It’s been awhile since we’ve had a batch of projects on The Great Create that were all about fun. Whether harkening back to the great electronic games of the ‘80s, initiating the next phase of electric rock ‘n’ roll experimentation or being just plain silly, these projects from The Great Create are clearly the work of some very creative minds. Here are 5 of our favorite recent projects from RadioShackDIY.com that are all for gamers, guitarists and goofballs:
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Flashback to the 1980s, when toy manufacturers made brain-busting puzzles and passed them off as fun. One of the best was Simon, an electronic game where lights and sounds were played in sequence and the player had to mimic the pattern by pressing the colored buttons. It was nice and easy at first, but as the sequence grew and the speed increased, it was only a matter of time before Simon stumped you. Now, with an Arduino and a few other parts, you can recreate that feeling of panic when you realize too late that it was “red-blue-blue-green-yellow-yellow-red” and not “red-blue-blue-green-yellow-yellow-blue.”
Why We Love It: We always wanted to rip out the original Simon’s circuits when it got too hard. Now you can. That’ll teach him.
Speaking of fun and games, have you ever wanted to make your own video game? Now you can with a Parallax Propeller Quickstart Board. Design your own 8-bit characters and environments, then plug in your Nintendo Wii controller and stomp those baddies, dodge the barrels and jump over the treacherous pits.
Why We Love it: We’d make a game where you control four ghosts who are frantically trying to protect their dot harvest from the evil, ravenous Pac-Man.
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Altering an electric guitar’s signal with electrical circuits housed in small metal effects pedals has been a mainstay in popular music since the early days of rock ‘n’ roll. In fact, the circuit that made Jimi Hendrix sound like Jimi Hendrix was just two transistors and a handful of caps and resistors that turned his guitar into a growling distorted rock machine. The artist and the device changed music forever. Imagine what a guitar pedal with an Arduino in its guts could do. The answer is you can program it to transform a guitar signal into just about anything.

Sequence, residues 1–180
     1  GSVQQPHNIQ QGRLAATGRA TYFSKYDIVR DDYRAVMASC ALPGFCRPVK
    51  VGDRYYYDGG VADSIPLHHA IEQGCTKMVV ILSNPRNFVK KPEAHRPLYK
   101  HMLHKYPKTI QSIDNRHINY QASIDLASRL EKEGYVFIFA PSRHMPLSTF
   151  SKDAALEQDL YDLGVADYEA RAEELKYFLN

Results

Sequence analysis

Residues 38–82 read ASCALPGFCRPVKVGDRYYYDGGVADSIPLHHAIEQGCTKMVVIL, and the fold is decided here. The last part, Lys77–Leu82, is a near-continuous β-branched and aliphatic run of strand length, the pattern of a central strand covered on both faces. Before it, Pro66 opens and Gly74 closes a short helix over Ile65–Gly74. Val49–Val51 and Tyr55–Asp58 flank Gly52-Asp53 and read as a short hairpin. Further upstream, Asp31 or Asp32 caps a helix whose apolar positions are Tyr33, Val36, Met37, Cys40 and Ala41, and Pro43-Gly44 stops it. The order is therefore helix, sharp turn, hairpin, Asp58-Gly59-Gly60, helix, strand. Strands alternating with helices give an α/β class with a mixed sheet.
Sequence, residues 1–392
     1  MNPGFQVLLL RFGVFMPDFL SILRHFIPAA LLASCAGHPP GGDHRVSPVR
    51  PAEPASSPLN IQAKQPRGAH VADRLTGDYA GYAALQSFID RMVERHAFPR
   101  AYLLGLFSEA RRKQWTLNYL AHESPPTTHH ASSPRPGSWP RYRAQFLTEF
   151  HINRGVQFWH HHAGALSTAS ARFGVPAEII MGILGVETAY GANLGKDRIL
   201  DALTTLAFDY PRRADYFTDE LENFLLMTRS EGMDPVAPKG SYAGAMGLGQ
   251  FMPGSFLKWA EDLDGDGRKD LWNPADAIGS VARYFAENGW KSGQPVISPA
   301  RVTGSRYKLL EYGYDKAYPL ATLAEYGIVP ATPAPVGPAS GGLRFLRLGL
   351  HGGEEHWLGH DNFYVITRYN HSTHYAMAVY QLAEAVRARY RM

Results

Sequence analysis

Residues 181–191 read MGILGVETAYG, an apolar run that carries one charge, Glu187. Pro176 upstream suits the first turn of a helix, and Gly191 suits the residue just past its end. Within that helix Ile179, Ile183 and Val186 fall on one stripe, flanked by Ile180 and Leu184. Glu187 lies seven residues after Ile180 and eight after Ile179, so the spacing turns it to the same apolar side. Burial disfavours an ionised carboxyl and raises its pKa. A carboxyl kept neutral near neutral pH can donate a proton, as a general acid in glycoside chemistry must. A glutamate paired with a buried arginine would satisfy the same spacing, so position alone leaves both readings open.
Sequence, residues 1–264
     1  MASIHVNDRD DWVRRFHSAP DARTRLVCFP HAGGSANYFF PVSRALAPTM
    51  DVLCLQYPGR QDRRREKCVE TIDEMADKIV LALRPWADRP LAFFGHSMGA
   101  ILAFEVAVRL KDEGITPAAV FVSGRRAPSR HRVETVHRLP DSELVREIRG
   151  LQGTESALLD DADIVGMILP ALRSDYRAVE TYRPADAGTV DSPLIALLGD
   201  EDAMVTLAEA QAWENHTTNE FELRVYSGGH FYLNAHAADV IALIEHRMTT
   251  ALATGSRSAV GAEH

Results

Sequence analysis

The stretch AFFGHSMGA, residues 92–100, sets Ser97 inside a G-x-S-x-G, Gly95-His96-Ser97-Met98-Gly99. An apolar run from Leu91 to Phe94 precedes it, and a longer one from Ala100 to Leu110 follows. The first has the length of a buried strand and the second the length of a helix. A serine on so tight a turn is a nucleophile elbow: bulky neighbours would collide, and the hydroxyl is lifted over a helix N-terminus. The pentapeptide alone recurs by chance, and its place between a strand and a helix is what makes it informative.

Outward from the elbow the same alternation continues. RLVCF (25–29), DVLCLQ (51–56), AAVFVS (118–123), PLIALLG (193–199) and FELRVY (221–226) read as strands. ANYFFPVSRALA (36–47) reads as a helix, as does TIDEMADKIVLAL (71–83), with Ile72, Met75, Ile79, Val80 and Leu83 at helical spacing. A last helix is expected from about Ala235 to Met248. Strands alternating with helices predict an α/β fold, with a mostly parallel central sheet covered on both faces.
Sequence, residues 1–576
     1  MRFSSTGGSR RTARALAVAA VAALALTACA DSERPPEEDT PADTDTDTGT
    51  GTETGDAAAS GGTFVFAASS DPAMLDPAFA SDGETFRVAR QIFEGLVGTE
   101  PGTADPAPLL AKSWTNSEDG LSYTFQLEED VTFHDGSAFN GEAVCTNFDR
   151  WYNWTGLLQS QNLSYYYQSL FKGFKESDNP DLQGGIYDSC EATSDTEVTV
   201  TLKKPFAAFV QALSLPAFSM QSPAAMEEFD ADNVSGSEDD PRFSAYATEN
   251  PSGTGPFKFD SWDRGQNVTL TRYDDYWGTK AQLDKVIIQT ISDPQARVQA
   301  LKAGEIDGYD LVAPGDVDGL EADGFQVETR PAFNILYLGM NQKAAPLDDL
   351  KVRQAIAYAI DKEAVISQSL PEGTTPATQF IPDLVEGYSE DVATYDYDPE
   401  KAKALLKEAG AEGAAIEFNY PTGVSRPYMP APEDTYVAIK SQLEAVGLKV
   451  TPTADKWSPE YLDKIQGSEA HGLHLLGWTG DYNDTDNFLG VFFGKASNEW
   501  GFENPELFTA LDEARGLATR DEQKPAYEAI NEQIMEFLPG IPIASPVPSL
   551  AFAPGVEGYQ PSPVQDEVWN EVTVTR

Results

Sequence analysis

Why We Love it: The next guitar mad scientist who changes music as we know it is building this in his garage as we speak.
Set up your own home version of Jeopardy with a few inexpensive parts from RadioShack. When one of the buttons is pressed, it automatically locks the other one out until the quizmaster flips a reset switch. This project demonstrates that it’s possible to implement complex time-dependent circuitry without relying on a microcontroller or computer.
We’ll take Why We Love it for $200: Hmm, we have to phrase our answer in the form of a question, so: “What project makes quiz night/trivia night a whole lot better?”
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Most of the projects on The Great Create solve some sort of problem and have some kind of specific function, but only one man dared to make a machine that willfully does nothing. Turn this machine on and it springs into action instantly just so it can turn itself off again.
Why We Love it: Pretty sure this is the first slacker robot ever constructed. Could this be Bender’s (from “Futurama”) great-great-great-grandrobot?
What great creations are you working on? We love seeing new submissions, so head over to The Great Create page and upload your project. Got any suggestions for gadgets you’d like the DIY community to create? Leave us some comments about what electronic devices you want to see brought to life.